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Questions around Black Holes


geordief
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Did Newtonian physics predict Black Holes?

 

As I am belatedly understanding it was GR that predicted them but what would Newtonian physics have made of the situation ?

 

Would it have envisaged explosions happening eventually as the mass increased ? How would it have viewed the scenario differently?

 

Were Black Holes something that were theorized and discovered only after Newtonian Physics was "out dated" ?

 

 

Coming back to GR ,might it be ,as I think I may have heard that we are not talking about a build up of matter but a change in spacetime curvature?

 

Is there any theoretical way such a curvature can be reversed? Is that Hawking radiation? The BH will slowly "empty out" ?

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Did Newtonian physics predict Black Holes?

 

Kind of:

 

The idea of a body so massive that even light could not escape was first put forward by John Michell in a letter written in 1783 to Henry Cavendish of the Royal Society:

If the semi-diameter of a sphere of the same density as the Sun were to exceed that of the Sun in the proportion of 500 to 1, a body falling from an infinite height towards it would have acquired at its surface greater velocity than that of light, and consequently supposing light to be attracted by the same force in proportion to its vis inertiae, with other bodies, all light emitted from such a body would be made to return towards it by its own proper gravity.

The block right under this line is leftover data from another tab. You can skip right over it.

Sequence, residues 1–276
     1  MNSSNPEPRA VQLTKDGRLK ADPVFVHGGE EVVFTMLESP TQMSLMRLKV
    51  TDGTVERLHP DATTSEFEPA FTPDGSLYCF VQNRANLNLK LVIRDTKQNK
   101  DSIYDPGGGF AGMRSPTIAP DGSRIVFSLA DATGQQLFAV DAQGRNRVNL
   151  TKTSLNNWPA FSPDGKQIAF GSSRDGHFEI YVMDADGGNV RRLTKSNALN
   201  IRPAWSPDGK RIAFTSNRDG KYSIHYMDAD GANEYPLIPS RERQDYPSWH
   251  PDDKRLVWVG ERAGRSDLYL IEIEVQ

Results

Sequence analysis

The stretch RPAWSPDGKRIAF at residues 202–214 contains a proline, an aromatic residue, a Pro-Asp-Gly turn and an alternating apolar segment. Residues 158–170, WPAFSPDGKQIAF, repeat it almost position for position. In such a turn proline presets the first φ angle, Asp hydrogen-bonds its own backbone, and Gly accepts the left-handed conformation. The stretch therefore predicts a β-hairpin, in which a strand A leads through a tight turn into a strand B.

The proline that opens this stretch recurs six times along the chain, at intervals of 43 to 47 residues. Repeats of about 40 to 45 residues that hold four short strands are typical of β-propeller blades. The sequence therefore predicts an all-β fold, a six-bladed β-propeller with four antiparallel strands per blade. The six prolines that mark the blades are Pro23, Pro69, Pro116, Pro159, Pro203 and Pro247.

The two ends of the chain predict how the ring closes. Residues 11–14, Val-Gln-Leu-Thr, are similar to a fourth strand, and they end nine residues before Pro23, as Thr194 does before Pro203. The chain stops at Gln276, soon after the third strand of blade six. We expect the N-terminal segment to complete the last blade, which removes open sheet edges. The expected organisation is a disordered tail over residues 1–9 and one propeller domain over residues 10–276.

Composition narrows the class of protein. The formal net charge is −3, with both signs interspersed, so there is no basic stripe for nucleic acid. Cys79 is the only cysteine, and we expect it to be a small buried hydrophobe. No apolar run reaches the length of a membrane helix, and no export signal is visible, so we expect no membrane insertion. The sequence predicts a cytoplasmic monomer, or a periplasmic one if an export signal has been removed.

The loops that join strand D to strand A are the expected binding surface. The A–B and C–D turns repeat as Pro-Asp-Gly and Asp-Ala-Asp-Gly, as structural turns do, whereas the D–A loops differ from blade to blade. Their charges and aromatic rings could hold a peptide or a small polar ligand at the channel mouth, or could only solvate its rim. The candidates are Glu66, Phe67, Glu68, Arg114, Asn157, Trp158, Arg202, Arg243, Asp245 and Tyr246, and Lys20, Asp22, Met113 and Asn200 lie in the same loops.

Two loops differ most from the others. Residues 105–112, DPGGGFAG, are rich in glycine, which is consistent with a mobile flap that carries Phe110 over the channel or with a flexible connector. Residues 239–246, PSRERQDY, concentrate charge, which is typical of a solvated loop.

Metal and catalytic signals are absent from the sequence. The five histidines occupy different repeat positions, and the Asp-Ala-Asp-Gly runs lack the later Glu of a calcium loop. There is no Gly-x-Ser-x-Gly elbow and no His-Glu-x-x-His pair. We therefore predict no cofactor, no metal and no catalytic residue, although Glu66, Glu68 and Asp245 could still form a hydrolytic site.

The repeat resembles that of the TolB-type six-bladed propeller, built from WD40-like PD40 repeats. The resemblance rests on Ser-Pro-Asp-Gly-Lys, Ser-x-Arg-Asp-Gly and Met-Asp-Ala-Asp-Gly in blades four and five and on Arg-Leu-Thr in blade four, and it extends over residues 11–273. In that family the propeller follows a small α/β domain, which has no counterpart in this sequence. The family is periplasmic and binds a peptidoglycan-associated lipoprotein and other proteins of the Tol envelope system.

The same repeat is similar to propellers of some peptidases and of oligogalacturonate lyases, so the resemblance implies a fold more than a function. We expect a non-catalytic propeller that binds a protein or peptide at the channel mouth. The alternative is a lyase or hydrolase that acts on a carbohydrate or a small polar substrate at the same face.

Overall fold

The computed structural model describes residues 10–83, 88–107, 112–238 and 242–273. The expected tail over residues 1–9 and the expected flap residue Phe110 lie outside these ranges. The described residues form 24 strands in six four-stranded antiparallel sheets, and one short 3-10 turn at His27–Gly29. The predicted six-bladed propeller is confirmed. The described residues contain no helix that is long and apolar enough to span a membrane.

— John Michell

In 1796, mathematician Pierre-Simon Laplace promoted the same idea in the first and second editions of his book Exposition du système du Monde (it was removed from later editions).[10][11] Such "dark stars" were largely ignored in the nineteenth century, since it was not understood how a massless wave such as light could be influenced by gravity.[12]

https://en.wikipedia.org/wiki/Black_hole#History

 

I think the calculated radius would be different among other things.

 

Edit: Apparently not!

 

 

Coming back to GR ,might it be ,as I think I may have heard that we are not talking about a build up of matter but a change in spacetime curvature?

 

Those are really just different descriptions of the same thing. Mass is the curvature of spacetime.

https://en.wikipedia.org/wiki/Dark_star_(Newtonian_mechanics)

 

Yes, 'Dark Stars' were predicted before general relativity by John Michell in 1783. His idea was simple, if the escape velocity for some body is greater than the speed of light, then that body cannot be seen.

 

That is a much better link. And it also highlights the problem with the "escape velocity" description that is often still used wrt black holes.

Edited by Strange
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Those are really just different descriptions of the same thing. Mass is the curvature of spacetime.

 

 

I haven't had time to go into the replies yet but do you stand by that description?

 

I am familiar with the "mass curves spacetime and spacetime tells mass how to move" description but this seems different .